A man convicted of threatening to kill RCMP officers and “everyone” in Russell remains in custody pending sentencing as the court tries to form a plan to protect the public when he’s released.
Albert Dean Crampton was convicted of the offences last week, but he has already spent 10 months in pre-sentence custody — his lawyer suggests that’s already more than enough time for his client’s crimes.
Judge Krystyna Tarwid agrees that Crampton’s sentence may not include further jail time, but she’s ordered him to remain in custody for at least a little while longer before he’s sentenced.
“I just want to work out a plan here so that the public can feel safe, and the court can feel comfortable,” Tarwid said as she delivered her verdict in Brandon court.
It’s an unusual case which has put the residents of Russell on edge.
Crampton, 34, stood trial on Sept. 24 for a run-in he had with RCMP at a Russell home on Jan. 30.
That home was rented by Crampton’s friend, but it was on a list of properties owned by the Russell Inn that Crampton was banned from.
Two RCMP officers arrested Crampton after one of them followed him to the residence.
The arrest was made on the premise that Crampton had breached a couple of probation orders because he’d trespassed and thereby failed to keep the peace.
During arrest, Crampton got in a scuffle with the RCMP officers and made a series of threats on the scene, in the police vehicle and at the detachment.
One officer testified that Crampton told him: “I can’t wait to come back here and kill all you cops … you just wait until I kill everyone in this town … People in Russell are going to die because of you.”
Crampton was charged with assaulting a peace officer, resisting a peace officer, two counts of breach of probation and three counts of uttering threats.
The threats charges alleged that he’d specifically threatened one of the arresting officers, RCMP members in general and the citizens of Russell. He was also charged under the Petty Trespasses Act.
Defence lawyer Dan Manning, however, argued that Crampton’s arrest and detention were illegal.
Even though Crampton had walked into the home unannounced, he had the “implied permission” to be there from his friend, the tenant. If Crampton wasn’t trespassing, then he wasn’t violating his probation and, therefore, there were no grounds for arrest or detention.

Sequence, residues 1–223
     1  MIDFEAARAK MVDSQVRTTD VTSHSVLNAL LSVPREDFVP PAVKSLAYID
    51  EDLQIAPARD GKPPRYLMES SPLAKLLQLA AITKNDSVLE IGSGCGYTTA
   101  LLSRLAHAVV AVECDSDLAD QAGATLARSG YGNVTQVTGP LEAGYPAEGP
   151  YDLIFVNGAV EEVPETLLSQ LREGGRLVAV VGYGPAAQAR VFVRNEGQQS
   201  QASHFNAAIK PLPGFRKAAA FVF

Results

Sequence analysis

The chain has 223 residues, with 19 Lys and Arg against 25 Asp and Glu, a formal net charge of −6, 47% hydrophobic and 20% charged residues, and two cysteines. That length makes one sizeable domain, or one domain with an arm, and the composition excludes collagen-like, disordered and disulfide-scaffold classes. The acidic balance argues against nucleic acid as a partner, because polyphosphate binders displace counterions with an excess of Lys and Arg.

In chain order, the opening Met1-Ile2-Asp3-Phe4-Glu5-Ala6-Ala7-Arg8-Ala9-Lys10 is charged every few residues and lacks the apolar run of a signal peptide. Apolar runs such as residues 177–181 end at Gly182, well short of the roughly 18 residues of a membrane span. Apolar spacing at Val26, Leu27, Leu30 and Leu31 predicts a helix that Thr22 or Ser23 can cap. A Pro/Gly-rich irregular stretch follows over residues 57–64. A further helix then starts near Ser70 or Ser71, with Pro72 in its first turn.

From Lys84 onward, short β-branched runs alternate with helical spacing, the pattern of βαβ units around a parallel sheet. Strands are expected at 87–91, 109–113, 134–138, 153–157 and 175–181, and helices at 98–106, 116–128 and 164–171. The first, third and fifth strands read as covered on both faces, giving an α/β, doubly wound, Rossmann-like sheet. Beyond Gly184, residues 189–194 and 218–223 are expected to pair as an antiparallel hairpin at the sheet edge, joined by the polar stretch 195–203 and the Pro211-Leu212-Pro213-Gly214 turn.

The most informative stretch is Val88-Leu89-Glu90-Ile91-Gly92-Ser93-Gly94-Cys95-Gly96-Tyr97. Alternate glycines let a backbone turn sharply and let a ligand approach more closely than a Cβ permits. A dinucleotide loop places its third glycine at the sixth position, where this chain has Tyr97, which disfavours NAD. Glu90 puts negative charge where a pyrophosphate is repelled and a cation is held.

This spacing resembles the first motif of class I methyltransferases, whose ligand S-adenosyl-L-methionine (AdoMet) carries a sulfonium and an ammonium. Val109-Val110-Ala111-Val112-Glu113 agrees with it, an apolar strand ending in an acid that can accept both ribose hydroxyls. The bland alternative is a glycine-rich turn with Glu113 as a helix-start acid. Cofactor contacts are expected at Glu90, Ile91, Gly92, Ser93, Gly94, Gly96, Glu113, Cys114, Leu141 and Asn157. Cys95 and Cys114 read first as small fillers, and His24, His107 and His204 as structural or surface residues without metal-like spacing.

As a result, Manning argued, any evidence collected due to the unlawful arrest should be tossed out under the Charter of Rights and Freedoms.
Manning suggested that authorities simply didn’t want Crampton in town.
It wasn’t noted at trial, but in April 2010 Crampton was convicted in Toronto of two counts of performing an indecent act by masturbating while watching young females. He later moved to Russell.
The day of the confrontation, an off-duty officer had followed Crampton to the home in question after spotting him near the town’s school and daycare.
That officer also testified that he knew that young children also lived at the home of Crampton’s friend, although court heard they weren’t there at the time of his arrest.
On the other hand, Crown attorney Ron Toews said police were simply performing their duty in good faith.
Tarwid reserved her decision but delivered her verdict on Tuesday.
She dismissed the Petty Trespasses Act charge because there was a chance that Crampton didn’t realize his friend’s home was on the list of properties he was banned from.
Ten days before the scuffle, police had given him the list of properties but it didn’t include addresses. Plus, Tarwid said, the tenant had given him implied consent to be there.
The judge agreed that Crampton was unlawfully arrested for breach of the peace condition of his two probation orders. But, she ruled, it wasn’t a Charter breach or, at least, not a serious one and the evidence should be accepted.
She convicted Crampton of assaulting a peace officer. She also convicted him of two counts of uttering threats — one for threats against RCMP members in general and the other against the citizens of Russell.
He was also convicted of the two breach of probation counts.
Toews requested that Crampton undergo a mental health assessment — his behaviour in jail has been “troubling” and during a previous sentencing for another matter he’d mentioned that he’d thought about killing people.
With bail denied, Crampton has been in custody since the Russell incident (about 10 months). Manning suggested his client has spent more than enough time behind bars already.
Tarwid, however, said she wanted more information. The court didn’t have the authority to order the forensic psychiatric exam requested by the Crown. However, Tarwid asked for counsel to consult with authorities who have had recent contact with Crampton so she can fashion a sentence to protect the public once he’s in the community.
She delayed sentencing until Nov. 22 for that purpose and Crampton remains in custody pending that court date.